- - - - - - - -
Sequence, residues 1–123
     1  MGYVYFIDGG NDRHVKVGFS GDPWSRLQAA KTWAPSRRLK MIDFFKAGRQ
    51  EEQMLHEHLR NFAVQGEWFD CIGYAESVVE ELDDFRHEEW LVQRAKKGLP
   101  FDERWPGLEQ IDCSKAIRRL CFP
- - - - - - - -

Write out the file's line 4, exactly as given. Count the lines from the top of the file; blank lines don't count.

   101  FDERWPGLEQ IDCSKAIRRL CFP